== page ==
As the act of ‘swinging an object to simulate a tennis racket’ or ‘punching the air literally so that a game character will punch some nonthreatening boxing opponent on the screen’ or stuff like that is quite literal and not in any way abstract, the popularity of these new devices doesn’t make initial sense in the context of this argument, until you look at the ‘big picture’ and notice that these industry trends represent only like a minor portion of the video game industry’s revenues, the vast majority of which come from traditional games and other extremely accessible, single-touch titles [e.g. ‘Angry Birds’ etc].
Also probably most people bought a Wii because they thought it was an exercise machine and they played Super Mario Galaxy a lot and now they no longer use it/have possibly sold it to someone, based on things people tell me when they realize my job is to write about video games and they don’t know what else to say.
While the novelty of literal and simulation technology excites people initially, developments on this ‘scene’ are destined to be relegated to fad status and people will assign permanence to stuff that actually makes sense to use regularly and efficiently in daily life.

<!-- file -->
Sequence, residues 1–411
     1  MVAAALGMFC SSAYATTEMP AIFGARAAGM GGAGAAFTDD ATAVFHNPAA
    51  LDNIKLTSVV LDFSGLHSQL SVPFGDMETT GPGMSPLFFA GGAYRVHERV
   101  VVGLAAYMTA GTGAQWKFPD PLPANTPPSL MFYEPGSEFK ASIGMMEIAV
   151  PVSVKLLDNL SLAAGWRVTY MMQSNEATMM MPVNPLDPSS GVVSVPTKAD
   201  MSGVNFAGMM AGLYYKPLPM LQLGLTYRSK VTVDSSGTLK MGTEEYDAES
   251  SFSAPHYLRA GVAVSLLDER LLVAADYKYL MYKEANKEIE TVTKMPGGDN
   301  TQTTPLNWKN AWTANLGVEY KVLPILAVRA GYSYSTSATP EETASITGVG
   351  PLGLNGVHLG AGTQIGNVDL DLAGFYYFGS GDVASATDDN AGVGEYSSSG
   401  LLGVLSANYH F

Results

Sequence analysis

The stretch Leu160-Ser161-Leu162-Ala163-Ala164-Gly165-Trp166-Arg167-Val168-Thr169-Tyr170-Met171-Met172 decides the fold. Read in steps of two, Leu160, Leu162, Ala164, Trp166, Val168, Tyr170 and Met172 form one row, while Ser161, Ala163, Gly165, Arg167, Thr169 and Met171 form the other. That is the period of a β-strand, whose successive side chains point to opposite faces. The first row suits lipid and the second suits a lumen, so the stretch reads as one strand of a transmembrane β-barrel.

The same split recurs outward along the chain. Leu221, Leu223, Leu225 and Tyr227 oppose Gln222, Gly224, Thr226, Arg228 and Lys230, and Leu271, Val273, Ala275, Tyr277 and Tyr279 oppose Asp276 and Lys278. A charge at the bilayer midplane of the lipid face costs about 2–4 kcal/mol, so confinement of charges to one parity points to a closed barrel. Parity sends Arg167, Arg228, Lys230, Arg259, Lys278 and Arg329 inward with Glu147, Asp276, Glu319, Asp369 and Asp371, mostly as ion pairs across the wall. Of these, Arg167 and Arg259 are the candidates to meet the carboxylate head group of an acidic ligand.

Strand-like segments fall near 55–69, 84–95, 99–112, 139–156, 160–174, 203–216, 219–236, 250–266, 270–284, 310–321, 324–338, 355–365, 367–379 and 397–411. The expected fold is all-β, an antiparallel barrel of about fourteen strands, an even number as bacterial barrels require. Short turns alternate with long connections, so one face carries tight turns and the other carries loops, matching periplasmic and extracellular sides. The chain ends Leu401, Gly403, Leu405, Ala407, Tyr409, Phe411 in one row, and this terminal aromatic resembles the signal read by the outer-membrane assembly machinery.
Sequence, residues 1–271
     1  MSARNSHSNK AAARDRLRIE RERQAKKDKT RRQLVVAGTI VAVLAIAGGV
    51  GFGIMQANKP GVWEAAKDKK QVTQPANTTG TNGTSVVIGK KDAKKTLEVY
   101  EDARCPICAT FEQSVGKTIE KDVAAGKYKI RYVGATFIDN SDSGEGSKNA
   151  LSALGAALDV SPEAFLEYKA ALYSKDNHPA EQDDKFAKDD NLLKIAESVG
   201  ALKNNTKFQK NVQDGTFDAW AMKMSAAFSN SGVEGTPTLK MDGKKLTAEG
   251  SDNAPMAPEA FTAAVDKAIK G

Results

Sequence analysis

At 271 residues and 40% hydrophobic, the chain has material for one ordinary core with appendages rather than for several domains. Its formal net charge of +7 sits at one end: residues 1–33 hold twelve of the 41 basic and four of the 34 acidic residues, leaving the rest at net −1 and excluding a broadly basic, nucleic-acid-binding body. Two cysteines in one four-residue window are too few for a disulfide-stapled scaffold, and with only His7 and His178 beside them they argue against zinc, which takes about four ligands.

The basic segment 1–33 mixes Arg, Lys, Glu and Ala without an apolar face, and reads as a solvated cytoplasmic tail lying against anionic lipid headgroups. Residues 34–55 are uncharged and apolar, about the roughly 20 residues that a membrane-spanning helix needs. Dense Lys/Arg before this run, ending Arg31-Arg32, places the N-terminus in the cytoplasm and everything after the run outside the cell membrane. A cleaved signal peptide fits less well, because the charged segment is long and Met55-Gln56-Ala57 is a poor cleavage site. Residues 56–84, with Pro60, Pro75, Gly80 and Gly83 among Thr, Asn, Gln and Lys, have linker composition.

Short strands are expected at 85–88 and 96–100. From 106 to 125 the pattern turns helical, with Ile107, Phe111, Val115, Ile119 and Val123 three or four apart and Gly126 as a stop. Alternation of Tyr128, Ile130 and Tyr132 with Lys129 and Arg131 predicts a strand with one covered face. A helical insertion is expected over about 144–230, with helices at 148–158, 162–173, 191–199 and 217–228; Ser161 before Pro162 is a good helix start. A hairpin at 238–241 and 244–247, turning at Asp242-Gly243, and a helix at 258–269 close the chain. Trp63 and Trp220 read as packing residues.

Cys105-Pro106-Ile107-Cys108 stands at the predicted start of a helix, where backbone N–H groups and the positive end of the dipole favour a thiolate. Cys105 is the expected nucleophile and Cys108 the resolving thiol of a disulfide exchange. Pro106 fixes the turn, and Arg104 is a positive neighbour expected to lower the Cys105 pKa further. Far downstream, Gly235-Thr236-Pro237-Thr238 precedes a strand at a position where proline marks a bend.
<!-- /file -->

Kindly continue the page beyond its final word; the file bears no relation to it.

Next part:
The only things people want to ‘simulate’ are things they have a fixation on enjoying that are impossible or unacceptable in real life, which is why Second Life remains a thriving home for ‘furries’ ‘babyfurs’ stuff like that… I guess it makes sense, because when most science fiction fans really think about ‘what would I do with a holodeck’ they think of like… ‘sex with like Deanna Troi or something’. God, bringing sexuality into the world of science fiction is always so weird. But you might be able to do that in virtual reality someday, someone will probably make that I bet.